Can a US Investor Buy UK Stocks?

by Vicki A. Benge ; Updated April 19, 2017
The London Stock Exchange can be accessed from the U.S. through brokers.

Investors living in the U.S who want to invest in U.K.-based stocks have several options from which to choose. Two well-established methods of investing in international stocks are through mutual funds or American depositary receipts (ADRs). Two additional ways to invest in companies outside the country are through exchange-traded funds (ETFs) that own shares in British companies, or through direct purchase using online trading platforms that offer access to foreign markets.

ETF Choice:

Learn More About Exchange-Traded Funds (ETFs)

Mutual Funds

A relatively easy way to invest in U.K. stocks is to invest in mutual funds that own U.K. equities. With mutual fund investing the shareholder does not own the stocks outright, but instead owns shares of a mutual fund that has the stocks in its holdings. Among the thousands of mutual funds offered in the U.S., the most difficult part may in sorting out which ones invest in the U.K. companies that interest you.


There are an ever-growing number of ETFs that can give you exposure to U.K. stocks. For example, there are dozens of ETFs that track the FTSE-100 Index, which is the benchmark for the London Stock Exchange. This index is the benchmark for the largest 100 U.K. companies, based on market capitalization, traded on the London Stock Exchange. An ETF is a basket of stocks that is similar to a mutual fund, except it trades throughout the day like a stock.


ADRs are certificates indicating stock ownership. Issued by U.S. banks to investors, an ADR may represent ownership of multiple shares. The actual stock shares are held by a bank in the country of issue. U.S. investors can trade ADRs in U.S. dollars, which provides instant awareness of actual prices and the currency exchange rate.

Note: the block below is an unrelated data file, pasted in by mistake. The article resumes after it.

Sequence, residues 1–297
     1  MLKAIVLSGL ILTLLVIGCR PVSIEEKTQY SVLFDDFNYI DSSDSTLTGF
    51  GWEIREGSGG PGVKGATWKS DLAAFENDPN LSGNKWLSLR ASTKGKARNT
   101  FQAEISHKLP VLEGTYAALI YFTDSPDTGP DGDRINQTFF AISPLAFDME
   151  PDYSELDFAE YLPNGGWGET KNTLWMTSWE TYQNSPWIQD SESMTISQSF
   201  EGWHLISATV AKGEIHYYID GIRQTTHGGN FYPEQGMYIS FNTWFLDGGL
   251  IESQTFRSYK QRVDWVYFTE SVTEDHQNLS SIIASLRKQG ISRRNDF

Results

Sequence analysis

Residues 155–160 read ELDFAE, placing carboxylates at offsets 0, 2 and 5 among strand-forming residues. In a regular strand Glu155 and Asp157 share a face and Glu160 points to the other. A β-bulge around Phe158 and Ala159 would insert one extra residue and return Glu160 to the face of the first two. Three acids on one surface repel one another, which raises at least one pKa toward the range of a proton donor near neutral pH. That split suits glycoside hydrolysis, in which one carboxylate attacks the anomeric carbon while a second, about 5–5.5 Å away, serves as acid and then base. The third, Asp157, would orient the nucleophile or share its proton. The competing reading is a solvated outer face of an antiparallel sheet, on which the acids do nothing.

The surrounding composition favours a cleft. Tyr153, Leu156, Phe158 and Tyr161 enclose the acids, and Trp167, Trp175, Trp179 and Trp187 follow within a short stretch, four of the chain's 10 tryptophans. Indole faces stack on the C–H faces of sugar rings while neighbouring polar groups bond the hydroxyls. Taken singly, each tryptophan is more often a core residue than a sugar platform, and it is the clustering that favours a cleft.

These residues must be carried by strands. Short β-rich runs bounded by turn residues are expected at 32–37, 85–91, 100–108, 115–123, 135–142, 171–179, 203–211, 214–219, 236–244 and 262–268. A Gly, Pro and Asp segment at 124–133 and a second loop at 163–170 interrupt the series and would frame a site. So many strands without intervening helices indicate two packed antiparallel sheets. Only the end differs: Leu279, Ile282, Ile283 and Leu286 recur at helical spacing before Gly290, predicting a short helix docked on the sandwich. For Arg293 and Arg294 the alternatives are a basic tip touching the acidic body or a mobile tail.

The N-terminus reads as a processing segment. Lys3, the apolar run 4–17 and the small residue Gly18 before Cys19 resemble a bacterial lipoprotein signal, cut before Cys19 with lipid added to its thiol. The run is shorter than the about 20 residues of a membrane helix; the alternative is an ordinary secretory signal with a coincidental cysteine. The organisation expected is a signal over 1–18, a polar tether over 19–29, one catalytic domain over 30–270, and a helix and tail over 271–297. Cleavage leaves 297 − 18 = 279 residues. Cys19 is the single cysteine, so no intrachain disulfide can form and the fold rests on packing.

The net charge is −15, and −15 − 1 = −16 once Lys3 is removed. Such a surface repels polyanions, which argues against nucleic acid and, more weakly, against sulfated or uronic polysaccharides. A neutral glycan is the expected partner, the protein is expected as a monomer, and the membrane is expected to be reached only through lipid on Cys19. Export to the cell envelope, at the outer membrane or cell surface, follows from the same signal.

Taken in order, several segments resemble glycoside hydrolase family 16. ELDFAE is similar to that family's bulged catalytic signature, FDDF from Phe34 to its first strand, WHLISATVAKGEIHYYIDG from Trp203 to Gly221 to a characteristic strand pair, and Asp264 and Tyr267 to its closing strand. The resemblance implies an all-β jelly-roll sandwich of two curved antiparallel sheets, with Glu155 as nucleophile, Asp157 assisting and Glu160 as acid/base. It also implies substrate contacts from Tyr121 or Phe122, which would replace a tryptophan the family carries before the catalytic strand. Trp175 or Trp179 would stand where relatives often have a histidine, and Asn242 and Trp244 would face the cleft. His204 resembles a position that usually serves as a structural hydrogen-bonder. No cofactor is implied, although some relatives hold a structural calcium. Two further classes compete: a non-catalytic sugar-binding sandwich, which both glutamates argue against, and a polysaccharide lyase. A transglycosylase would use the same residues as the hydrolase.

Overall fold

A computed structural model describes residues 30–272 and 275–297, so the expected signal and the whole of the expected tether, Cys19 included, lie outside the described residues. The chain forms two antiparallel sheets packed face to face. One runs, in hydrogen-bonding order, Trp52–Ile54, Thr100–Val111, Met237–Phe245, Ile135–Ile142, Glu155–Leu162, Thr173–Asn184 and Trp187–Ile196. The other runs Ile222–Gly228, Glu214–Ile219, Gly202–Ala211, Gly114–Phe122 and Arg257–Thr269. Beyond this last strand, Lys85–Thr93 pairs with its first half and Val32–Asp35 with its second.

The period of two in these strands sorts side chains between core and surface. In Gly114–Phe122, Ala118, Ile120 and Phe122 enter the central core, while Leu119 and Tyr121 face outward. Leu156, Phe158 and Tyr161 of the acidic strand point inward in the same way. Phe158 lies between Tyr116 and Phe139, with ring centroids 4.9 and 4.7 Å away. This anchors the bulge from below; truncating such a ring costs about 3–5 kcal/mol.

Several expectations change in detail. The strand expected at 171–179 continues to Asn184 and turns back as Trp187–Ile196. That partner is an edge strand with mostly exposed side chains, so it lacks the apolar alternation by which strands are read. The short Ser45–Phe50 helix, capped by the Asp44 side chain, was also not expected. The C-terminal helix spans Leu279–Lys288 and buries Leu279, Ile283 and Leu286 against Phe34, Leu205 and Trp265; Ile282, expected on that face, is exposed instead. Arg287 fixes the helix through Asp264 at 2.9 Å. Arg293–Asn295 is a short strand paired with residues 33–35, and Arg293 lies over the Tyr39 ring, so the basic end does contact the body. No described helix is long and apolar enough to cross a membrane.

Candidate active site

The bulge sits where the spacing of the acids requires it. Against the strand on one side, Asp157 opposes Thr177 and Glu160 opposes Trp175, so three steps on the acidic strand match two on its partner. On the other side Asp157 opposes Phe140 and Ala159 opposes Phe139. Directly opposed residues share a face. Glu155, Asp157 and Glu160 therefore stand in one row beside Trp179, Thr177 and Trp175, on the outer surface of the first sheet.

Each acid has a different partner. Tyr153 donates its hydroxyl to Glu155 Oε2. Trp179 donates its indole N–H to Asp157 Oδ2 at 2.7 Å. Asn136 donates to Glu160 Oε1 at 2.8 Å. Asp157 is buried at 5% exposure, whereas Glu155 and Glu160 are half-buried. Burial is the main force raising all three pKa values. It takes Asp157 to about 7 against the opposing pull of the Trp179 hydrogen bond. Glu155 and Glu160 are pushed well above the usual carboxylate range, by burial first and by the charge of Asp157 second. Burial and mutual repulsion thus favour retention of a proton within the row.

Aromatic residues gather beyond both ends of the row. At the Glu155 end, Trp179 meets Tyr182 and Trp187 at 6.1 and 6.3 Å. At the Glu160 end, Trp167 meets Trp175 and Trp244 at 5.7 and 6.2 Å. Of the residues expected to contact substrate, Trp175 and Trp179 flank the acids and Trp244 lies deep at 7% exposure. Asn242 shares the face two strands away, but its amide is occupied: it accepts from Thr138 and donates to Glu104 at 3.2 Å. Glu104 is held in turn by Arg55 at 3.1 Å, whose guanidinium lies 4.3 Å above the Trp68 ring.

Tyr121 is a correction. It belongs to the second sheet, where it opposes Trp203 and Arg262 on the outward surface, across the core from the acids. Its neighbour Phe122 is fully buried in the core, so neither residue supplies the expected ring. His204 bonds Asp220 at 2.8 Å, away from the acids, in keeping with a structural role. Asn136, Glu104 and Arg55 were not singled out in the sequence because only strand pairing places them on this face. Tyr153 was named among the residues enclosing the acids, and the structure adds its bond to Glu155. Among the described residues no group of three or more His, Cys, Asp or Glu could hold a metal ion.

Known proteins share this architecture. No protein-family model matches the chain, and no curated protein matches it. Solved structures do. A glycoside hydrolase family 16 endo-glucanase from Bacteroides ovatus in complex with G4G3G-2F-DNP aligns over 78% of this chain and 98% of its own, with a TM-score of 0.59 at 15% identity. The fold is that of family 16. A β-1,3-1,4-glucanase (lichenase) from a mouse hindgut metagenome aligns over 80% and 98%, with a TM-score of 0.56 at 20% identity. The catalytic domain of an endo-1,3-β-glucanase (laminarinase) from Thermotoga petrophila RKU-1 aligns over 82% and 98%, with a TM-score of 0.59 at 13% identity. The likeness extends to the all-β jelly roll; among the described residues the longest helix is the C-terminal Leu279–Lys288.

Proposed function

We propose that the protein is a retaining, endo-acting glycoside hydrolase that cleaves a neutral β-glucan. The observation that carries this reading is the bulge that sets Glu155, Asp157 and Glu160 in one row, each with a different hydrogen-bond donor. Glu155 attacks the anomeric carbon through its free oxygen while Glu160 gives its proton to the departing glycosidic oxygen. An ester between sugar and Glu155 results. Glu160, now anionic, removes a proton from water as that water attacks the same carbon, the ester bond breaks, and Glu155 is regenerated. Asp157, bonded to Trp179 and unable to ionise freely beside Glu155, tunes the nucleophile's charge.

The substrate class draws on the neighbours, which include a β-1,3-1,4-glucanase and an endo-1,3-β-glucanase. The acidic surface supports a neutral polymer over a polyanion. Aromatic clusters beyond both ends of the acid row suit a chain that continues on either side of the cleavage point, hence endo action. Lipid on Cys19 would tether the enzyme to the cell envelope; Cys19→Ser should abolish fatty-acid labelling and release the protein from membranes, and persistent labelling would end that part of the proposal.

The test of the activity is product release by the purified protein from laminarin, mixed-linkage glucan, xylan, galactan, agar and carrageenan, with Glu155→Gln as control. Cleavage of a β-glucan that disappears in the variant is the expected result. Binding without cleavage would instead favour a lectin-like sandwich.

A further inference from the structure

Direct Purchase

Online trading platforms continue to grow in number and sophistication with increasing opportunities to execute real-time trades of equities in markets around the world. For example, clients of Fidelity Investments have direct access to the U.K. markets, and have the option of trading in U.S. currency. After a trade is executed, Fidelity handles the currency exchange. Another option is the Interactive Brokers Group Inc., which provides investors access to brokers who have direct access to U.K. markets. Brokers can place trades for clients that not only include stocks, but a variety of investment products. Charles Schwab & Co., Inc. also offers account holders the option of trading on the London Stock Exchange through a broker.

About the Author

Vicki A Benge began writing professionally in 1984 as a newspaper reporter. A small-business owner since 1999, Benge has worked as a licensed insurance agent and has more than 20 years experience in income tax preparation for businesses and individuals. Her business and finance articles can be found on the websites of "The Arizona Republic," "Houston Chronicle," The Motley Fool, "San Francisco Chronicle," and Zacks, among others.

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